Cybersecurity Is Not A One-Time Fix
Did you know Marcum Technology has Cyber Security experts that can help protect your business from digital threats?
A comprehensive approach to security helps beat cybercriminals at their game.
“Every company has at least one employee who will click on anything ,” said Brad Smith, Microsoft president and chief legal officer, at a company conference in July.
Although employees may be the weakest link in an organization’s cybersecurity front lines, the evolution of malware and cybercrime are putting even the most security-conscious organizations at risk. Traditional approaches to security, which typically focus on keeping the bad guys out, often lead to too many layers and components, and too much complexity.
A more effective cybersecurity strategy comprehensively builds security from end to end, using automation and intelligence to stay ahead of the cybercriminals’ game. “To achieve cybersecurity that truly defeats cybercrime, you need an innovative approach,” says Amy James, Lead Portfolio Marketing Manager for Security, Juniper Networks. “For example, Juniper’s Software-Defined Secure Network (SDSN) protects your cloud, virtual and physical environment with end-to-end, automated and intelligent capabilities that detect and remediate threats faster, safeguarding your business from today’s cyberthreats.”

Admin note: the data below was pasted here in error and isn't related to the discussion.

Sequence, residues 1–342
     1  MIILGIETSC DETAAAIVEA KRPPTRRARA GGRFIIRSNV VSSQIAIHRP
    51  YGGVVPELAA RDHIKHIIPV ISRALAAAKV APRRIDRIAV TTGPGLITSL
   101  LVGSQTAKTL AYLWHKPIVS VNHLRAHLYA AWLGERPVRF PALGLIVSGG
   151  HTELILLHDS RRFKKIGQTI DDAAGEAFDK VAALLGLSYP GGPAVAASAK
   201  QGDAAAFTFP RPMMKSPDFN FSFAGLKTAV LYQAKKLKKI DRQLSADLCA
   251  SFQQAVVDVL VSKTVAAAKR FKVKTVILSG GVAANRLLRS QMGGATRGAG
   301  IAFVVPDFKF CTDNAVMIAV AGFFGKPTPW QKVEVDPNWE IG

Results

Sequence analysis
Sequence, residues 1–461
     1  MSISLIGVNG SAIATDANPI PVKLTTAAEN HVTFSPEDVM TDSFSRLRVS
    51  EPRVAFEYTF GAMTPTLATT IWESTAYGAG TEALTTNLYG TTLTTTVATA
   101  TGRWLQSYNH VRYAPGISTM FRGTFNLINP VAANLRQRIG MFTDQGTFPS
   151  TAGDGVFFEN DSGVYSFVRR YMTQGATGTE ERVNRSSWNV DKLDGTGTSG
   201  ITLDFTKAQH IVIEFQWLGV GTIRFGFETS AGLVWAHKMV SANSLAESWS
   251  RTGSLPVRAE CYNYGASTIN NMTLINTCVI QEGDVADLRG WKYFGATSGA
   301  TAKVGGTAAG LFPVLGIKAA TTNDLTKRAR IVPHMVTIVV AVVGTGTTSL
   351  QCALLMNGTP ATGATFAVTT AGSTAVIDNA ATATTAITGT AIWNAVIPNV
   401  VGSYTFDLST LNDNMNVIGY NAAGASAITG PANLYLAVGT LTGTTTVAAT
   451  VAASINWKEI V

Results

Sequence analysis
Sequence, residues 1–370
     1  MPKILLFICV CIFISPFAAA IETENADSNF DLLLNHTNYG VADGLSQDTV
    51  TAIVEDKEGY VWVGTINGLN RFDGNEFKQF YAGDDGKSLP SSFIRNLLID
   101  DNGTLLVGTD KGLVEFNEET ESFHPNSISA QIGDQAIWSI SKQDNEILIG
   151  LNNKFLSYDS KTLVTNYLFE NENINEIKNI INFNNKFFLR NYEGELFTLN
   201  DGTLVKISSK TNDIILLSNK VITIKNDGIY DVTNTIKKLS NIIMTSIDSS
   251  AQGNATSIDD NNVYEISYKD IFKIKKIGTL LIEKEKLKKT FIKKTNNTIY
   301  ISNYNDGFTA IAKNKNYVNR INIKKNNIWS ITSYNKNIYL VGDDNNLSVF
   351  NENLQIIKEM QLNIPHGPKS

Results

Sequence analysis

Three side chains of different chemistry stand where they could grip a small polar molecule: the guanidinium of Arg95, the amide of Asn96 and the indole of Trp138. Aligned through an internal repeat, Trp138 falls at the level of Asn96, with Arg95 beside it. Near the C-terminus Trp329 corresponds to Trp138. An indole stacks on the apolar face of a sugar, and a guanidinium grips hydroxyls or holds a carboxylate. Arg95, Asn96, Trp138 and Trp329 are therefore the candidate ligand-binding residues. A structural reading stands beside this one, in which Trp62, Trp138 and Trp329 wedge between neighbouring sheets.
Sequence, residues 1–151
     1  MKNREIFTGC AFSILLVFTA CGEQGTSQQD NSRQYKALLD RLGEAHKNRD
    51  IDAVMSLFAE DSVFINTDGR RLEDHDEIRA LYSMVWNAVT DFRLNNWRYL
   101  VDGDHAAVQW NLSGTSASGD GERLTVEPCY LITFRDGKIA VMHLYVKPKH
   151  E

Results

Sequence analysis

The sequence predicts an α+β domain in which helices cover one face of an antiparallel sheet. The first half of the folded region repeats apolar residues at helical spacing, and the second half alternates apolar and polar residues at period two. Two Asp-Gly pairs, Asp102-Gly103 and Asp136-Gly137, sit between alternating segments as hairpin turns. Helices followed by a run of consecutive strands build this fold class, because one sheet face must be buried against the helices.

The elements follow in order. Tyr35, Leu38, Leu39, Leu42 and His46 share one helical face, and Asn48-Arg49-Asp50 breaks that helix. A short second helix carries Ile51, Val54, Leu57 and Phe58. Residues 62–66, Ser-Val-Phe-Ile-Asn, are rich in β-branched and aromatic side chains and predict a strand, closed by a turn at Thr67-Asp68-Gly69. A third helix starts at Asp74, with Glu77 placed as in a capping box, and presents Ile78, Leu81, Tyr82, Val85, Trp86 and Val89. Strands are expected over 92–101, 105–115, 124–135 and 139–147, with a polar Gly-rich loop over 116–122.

The cyberthreat landscape is growing: more than 390,000 new malicious programs are registered every day, and the number of new malware specimen is expected to reach more than 7.4 million this year. Last year more than 4 billion records were stolen by cybercriminals, and by 2019 cybercrime is expected to become a $2.1 trillion problem.
Meanwhile, the WannaCry ransomware attack in May — which infected 250,000 machines in less than 30 minutes, and more than 2 million computers in over 150 countries within 24 hours — demonstrated that cybersecurity isn’t the priority it should be. According to a survey conducted by E1 among 400 IT professionals in the United States:
• 86% of respondents say they weren’t ready to deal with WannaCry
• 73% of management teams have not made additional cybersecurity resources available
by Steve Wexler